A core recommendation from the veterans commissioner was the need for increased strategic direction, and I am pleased that a strategic group on veterans’ employability has been established, chaired by Mark Bibbey of Poppyscotland. That group has influenced real change in how our public sector agencies work together to support veterans in Scotland. It is also taking opportunities to talk to employers about how they can provide and promote further job opportunities for veterans.
All of that is good and positive, but we know that more can be done. We will use apprenticeship week to promote opportunities to veterans and those considering leaving the armed forces, not least through graduate level apprenticeships, which are fully funded and open to people of all ages. In partnership with Skills Development Scotland we will develop a welcome page for veterans on the previously mentioned my world of work website. That will link into other key web resources such as the veterans’ gateway and will simplify how people can access careers and employability information and advice.
I believe that, in addition to those measures, we should explore what other opportunities there are to support veterans and their families to access quality jobs; talking about families as well is extremely important. To that end, I have asked the strategic group on veterans’ employability to work with the Ministry of Defence, the career transition partnership, Skills Development Scotland and other delivery bodies in Scotland to make recommendations on what further support is needed to help veterans move into good quality sustainable jobs. That is very important to veterans and I look forward to engaging with the group over the next few months.
Alongside that focused support, since April this year we have committed £5 million to ensure that veterans in receipt of social care in Scotland receive the full value of their war pensions. That is a substantial investment in the welfare of veterans and provides them with equity. Going back to the point that I made previously, which we had agreed with veterans organisations, our aim should be to make sure that there is no disadvantage to people from having served in the military. The idea that their war pensions should be subsumed into payments for social care is wrong, which is why we have introduced that measure.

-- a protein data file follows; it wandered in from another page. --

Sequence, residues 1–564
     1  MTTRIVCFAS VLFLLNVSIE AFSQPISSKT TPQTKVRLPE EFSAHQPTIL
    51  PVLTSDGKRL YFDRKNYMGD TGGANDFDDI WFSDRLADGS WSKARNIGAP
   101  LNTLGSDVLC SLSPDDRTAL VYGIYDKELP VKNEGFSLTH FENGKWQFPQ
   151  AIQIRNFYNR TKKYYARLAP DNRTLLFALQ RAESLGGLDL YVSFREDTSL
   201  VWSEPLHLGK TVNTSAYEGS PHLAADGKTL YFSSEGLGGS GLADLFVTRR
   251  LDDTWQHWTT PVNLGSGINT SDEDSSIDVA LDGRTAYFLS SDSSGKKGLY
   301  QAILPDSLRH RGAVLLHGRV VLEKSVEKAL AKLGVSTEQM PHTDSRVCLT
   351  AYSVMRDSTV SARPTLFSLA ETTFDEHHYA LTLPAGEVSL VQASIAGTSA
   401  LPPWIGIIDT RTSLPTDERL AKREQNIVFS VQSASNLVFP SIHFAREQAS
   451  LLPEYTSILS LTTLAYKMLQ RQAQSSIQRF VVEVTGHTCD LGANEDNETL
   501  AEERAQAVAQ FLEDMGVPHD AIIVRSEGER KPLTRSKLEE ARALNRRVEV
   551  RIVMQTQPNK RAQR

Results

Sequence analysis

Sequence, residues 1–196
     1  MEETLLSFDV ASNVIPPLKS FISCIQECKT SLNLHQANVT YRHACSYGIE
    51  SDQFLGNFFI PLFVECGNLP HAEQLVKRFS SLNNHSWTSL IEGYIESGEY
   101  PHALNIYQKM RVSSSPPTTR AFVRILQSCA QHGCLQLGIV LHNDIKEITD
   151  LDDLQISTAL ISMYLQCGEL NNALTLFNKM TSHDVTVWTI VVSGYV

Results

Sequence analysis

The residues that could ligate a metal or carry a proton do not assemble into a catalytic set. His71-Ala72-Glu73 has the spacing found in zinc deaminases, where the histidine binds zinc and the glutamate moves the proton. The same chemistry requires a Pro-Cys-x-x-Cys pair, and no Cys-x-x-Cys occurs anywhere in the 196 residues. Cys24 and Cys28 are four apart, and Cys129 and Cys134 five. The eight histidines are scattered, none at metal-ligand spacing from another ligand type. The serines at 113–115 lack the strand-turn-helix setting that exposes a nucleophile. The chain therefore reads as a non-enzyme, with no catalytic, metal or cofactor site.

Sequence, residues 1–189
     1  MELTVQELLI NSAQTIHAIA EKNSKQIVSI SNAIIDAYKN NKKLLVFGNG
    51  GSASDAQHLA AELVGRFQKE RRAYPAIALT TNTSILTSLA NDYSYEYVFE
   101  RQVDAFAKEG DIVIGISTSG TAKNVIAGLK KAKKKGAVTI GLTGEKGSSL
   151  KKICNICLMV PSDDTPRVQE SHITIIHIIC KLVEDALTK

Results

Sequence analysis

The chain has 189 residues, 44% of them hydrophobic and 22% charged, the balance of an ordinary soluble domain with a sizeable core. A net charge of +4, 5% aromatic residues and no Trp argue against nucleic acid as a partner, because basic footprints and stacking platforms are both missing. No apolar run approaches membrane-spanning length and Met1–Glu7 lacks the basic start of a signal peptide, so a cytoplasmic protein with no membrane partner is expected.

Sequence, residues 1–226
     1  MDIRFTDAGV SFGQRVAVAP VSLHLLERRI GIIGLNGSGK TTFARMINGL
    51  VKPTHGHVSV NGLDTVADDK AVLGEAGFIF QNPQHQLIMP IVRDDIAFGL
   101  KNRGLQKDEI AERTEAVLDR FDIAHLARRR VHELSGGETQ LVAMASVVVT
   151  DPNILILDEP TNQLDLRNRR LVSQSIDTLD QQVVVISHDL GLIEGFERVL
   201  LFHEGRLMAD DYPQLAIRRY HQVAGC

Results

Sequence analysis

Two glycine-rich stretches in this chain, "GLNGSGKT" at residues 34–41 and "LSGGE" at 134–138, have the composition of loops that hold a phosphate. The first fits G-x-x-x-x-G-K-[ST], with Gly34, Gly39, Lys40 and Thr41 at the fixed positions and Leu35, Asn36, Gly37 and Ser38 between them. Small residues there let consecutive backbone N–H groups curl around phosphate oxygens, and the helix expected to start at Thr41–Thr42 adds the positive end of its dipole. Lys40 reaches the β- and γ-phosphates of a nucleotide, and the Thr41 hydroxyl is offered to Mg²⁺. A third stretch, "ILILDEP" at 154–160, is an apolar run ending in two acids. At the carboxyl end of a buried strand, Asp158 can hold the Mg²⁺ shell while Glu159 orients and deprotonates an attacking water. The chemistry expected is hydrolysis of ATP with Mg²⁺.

Healthcare has remained a continuing priority through the work of the armed forces and veterans health joint group, and we continue to work with the MOD and other stakeholders on specific issues such as streamlining the transfer of military health records. That has become quite frustrating; I had hoped to have made more progress with the MOD by now. On mental health, we have highlighted Scottish Government support for veterans within our mental health strategy and have partnered with local national health service boards and integration joint boards to offer funding totalling £825,000 in 2017-18 to continue to support the veterans first point network.
Recognising the importance of supporting the whole family, we continue to work through the Scottish service children strategy group to guide and engage work to support the educational needs of children from armed forces families in Scotland. Members, especially those with military experience, will know of the particular stresses and strains that can be caused to military families and children by being moved on a regular basis.
I am not sure from the nature of the question whether Mike Rumbles is aware of how veterans first point was established. The Westminster Government provided money from the London interbank offered rate fines and it was assumed that the provision would become part of mainstream health services. That is happening in many areas; even if the original concept with the money provided by LIBOR has now been exhausted, the lessons from it have been learned.
We recognise the importance of supporting the whole family and we continue to work in that regard through the Scottish service children strategic working group, which I mentioned. We also seek to work in the justice system to support veterans who are in contact with the prison system or the police.
Across all of our responsibilities, we will continue to seek to improve our service provision for the armed forces community, especially the small but significant number who struggle to access those services. However, as I do whenever I talk about veterans, it is worth mentioning that, in the vast majority of cases, our veterans are a valuable asset to the civilian workplace and our communities. They have transferable skills and attributes that they have gained throughout their military careers, although they sometimes are not particularly conscious of those or willing to promote them, which they should do. My ambition remains to make Scotland the destination of choice for service leavers through offering high living standards, access to housing, good-quality sustainable jobs and opportunities for skills development.